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Healthcare industry group builds cybersecurity threat center

By Michael Cooney
April 24, 2012 12:28 PM ET

Network World - Looking to address growing cybersecurity threats in the healthcare industry the Health Information Trust Alliance today said it has established a centralized Cybersecurity Incident Response and Coordination Center where organizations can report incidents and get help remediating electronic medical security problems.

The 5-year-old HITRUST group -- which is led by an amalgamation of healthcare and computing industry giants such as WellPoint, Kaiser Permanente and Cisco -- said it created the center with an eye toward helping the U.S. healthcare industry battle cyberattacks with timely alerts and by sharing of relevant cybersecurity threat and event information.

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"The group will focus on cybersecurity threats and events targeted at healthcare organizations in areas, including, but not limited to, networks, mobile devices, workstations, servers and medical devices. This sharing of information is crucial for organizations' preparedness, protection and crisis management," the group stated.

"The center is working initially with 14 leading industry organizations, representing health plans and health systems, and the U.S. Department of Health and Human Services to share various security incident information. The center will collaborate with HITRUST and others to identify and remediate incidents, and will also obtain and synthesize cyber threat and response information from numerous other sources to make the information more readily available to center participants. HITRUST will also lead the center's participants in evaluating appropriate tools and related security mechanisms to support the center's efforts," the group stated.

The HITRUST organization has already established what it calls a Common Security Framework that can be used by any and all organizations that create, access, store or exchange personal health and financial information.

"As the healthcare industry continues its conversion process to full patient electronic medical records, it will most certainly become a more frequent target of cybersecurity attacks, and having such a system in place in the near future will be key to collaboratively responding and preventing such attacks," said Jorge DeCesare, chief data security administrator of Dignity Health, in a statement.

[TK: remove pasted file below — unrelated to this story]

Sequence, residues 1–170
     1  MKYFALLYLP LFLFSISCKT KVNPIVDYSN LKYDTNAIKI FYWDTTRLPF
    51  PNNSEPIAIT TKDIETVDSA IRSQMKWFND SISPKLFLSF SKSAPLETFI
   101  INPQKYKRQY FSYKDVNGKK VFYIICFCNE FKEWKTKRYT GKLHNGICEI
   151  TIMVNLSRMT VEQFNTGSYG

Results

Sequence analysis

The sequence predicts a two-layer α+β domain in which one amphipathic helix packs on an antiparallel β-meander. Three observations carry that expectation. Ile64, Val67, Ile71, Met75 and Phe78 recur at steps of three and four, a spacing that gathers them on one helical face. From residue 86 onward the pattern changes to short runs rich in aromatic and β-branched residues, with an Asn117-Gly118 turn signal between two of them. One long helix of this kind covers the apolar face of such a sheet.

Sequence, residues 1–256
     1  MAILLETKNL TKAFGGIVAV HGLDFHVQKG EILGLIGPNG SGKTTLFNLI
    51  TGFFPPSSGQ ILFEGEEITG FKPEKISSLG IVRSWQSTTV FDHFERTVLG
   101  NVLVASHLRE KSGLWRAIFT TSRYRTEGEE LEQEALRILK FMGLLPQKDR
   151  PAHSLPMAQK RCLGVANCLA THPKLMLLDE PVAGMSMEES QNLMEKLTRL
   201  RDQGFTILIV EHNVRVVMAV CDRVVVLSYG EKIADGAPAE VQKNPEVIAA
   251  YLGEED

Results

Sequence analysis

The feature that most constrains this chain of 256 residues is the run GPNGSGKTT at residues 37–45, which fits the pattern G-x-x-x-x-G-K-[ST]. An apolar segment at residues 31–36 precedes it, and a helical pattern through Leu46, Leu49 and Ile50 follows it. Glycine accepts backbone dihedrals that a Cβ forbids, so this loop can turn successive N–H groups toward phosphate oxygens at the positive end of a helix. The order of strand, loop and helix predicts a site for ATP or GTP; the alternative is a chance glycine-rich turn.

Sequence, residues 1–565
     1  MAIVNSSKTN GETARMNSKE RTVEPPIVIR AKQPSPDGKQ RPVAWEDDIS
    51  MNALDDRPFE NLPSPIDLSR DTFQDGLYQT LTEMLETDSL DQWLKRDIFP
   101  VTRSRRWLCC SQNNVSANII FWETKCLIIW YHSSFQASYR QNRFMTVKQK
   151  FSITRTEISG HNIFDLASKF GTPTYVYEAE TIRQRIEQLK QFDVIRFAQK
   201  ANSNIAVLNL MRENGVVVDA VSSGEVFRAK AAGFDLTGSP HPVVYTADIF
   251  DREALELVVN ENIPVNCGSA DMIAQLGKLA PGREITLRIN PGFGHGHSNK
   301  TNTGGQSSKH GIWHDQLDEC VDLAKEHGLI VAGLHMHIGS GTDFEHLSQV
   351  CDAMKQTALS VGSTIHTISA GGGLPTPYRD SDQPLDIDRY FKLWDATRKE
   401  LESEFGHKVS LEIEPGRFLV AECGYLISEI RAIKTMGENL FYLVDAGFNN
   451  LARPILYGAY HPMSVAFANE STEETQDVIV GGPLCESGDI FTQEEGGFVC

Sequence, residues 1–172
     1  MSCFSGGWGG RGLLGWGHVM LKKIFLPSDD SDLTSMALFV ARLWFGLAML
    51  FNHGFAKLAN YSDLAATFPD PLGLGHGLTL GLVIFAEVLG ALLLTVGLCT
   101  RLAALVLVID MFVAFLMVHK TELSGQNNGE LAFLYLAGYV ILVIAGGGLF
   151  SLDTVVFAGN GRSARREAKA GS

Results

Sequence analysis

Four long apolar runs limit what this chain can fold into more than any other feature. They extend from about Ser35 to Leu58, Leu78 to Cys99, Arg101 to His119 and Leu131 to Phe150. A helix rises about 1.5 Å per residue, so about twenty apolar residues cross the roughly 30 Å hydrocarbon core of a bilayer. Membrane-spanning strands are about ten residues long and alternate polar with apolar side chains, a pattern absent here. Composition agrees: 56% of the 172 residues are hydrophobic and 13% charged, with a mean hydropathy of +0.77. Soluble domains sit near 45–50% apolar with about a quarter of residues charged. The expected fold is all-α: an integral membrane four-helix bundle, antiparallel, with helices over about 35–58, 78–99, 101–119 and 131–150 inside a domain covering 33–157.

A recent Network World story helps define the cybersecurity problems healthcare organizations are facing. The article noted that a biannual survey of 250 healthcare organizations shows the percentage experiencing a patient data breach is up. And with the growth in electronic records-keeping, more of those problems are originating from laptops and mobile devices rather than a human slip-up in handling paper documents.

"Use of new technologies, in particular mobile devices in the workplace, has skyrocketed, creating new operational efficiencies and security vulnerabilities," noted the survey report, entitled the "2012 HIMSS Analytics Report: Security of Patient Data." The organization Healthcare Information and Management Systems Society also pointed out, "As mobile devices proliferate in exam rooms and administrative areas, so do the associated vectors of potential attack. Adding to this are the risks from employee negligence and organizational policies that have not kept pace with ever-changing technology."

Originally published on Click here to read the original story.
Reprinted with permission from Story copyright 2012 Network World, Inc. All rights reserved.
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